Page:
So a more structured approach to exercise that includes long periods of aerobic exercise may lead to more all-around improvements in health. If you’re struggling to fit exercise into your days, shorter, sharper bouts of HIIT may provide a reasonable solution to improve your fertility.

Key points:

  • Including various exercise activities in your week will provide you with the most all-around benefits to health and fertility.
  • This includes slower continuous bouts of aerobic exercise like jogging or cycling, alongside strength training and HIIT.
  • However, if you’re short of time and struggling to fit exercise into your regime, performing HIIT two to four times a week could be a great way of improving your fertility and health.

2) Eat enough to support your activity levels

Many active women may restrict their calorie intake with a desire to lose weight or reach and maintain a slim figure. This is often under the illusion that calorie restriction and exercise will benefit their health and help them get pregnant.

However, this can lead to a lack of available energy to the reproductive system, which can lower your fertility and lead to abnormal menstruation.

Research shows that women who restrict their diets and have disordered eating patterns are more at risk of developing a condition known as functional hypothalamic amenorrhea (FHA), which is the absence of menstruation due to low energy intake, stress, and excessive exercise.

Low energy intake lowers fertility and leads to FHA as it suppresses the release of crucial sex hormones such as LH and FSH. FHA is also implicated in other complications, such as lower bone mineral density (increasing the risk of osteoporosis and fractures) and insulin resistance.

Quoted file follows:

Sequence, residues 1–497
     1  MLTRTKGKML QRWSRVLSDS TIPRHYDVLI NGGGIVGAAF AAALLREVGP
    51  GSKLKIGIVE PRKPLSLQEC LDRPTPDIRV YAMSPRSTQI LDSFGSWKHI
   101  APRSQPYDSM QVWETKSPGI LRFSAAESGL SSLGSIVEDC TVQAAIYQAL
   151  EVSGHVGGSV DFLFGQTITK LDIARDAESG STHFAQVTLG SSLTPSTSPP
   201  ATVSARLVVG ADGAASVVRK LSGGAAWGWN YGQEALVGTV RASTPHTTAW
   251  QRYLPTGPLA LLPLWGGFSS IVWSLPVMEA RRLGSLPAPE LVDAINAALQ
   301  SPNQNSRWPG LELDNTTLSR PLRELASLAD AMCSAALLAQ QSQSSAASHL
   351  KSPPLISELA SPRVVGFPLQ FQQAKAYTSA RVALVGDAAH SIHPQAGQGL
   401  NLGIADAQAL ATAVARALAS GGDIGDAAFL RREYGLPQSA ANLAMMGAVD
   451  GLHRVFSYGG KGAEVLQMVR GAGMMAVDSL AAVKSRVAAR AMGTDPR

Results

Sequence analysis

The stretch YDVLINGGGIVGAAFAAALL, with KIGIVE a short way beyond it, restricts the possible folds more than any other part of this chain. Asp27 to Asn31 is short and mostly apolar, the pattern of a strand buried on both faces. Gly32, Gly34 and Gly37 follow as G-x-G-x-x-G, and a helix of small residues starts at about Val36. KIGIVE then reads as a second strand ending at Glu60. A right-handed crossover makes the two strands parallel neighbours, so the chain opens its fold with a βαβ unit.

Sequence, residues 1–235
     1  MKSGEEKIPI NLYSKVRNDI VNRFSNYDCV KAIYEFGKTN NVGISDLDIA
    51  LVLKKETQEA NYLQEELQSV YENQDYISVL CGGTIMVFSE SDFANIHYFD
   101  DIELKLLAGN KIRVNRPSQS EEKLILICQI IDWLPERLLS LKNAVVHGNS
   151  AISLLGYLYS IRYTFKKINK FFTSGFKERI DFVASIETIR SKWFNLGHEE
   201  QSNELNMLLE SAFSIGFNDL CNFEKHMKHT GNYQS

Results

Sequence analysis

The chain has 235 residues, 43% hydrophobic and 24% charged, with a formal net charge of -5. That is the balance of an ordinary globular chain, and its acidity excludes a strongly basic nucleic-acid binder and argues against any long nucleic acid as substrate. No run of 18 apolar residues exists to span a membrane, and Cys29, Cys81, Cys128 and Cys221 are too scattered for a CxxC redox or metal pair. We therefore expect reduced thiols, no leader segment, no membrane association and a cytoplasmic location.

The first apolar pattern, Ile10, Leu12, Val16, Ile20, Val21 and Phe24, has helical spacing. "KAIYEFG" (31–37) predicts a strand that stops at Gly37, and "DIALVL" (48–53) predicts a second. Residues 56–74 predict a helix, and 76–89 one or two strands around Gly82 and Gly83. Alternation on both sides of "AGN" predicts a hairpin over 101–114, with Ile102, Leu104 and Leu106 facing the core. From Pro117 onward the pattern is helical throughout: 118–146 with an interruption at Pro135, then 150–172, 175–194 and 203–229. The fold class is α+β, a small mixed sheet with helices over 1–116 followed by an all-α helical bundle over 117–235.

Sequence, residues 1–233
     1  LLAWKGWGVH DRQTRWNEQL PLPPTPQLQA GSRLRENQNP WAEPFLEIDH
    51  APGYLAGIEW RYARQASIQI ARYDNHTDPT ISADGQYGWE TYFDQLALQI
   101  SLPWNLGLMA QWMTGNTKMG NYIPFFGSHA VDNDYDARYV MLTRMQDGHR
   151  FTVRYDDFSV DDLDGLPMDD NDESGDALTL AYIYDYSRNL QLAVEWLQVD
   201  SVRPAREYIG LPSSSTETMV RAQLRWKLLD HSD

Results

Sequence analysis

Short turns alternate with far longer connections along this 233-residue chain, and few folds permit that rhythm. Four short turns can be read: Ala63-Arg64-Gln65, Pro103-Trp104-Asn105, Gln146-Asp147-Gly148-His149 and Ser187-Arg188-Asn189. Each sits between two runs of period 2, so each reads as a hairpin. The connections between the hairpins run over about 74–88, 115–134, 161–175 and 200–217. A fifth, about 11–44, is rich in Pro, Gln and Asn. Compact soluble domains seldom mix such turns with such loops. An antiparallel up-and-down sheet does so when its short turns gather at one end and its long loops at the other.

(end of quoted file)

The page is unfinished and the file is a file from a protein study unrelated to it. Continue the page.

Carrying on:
However, this can be managed through an increase in energy intake. A randomised controlled trial was conducted in exercising women with abnormal menstruation (amenorrhoea or oligomenorrhea).

The participants were split into two groups, one group was instructed to increase their energy intake by 20-40%, and the others were to continue their eating habits with their existing exercise patterns.

The study showed that after 12 months, women who increased their energy intake were 45% more likely to have their menstrual function return to normal. On average, the women increased their intake by 330 calories a day – equivalent to an extra three to four eggs a day or a large salmon fillet.

How can you ensure you’re eating enough?

  • Eat until you’re comfortably full: find our hunger scale here.
  • Include healthy snacks between meals if you need to: find some ideas here.
  • Avoid restricting whole food groups: find an NHS-trusted meal plan here.

Key points:

  • Strict calorie restriction and excessive exercise can lead to a condition known as FHA, which is an absence of menstruation.
  • FHA is implicated in the suppression of key sex hormones, which leads to infertility and other health conditions such as osteoporosis and insulin resistance.
  • However, research has shown that the resumption of a higher energy intake and lowering exercise levels can help menstrual cycles return to normal.

3) Don’t overdo it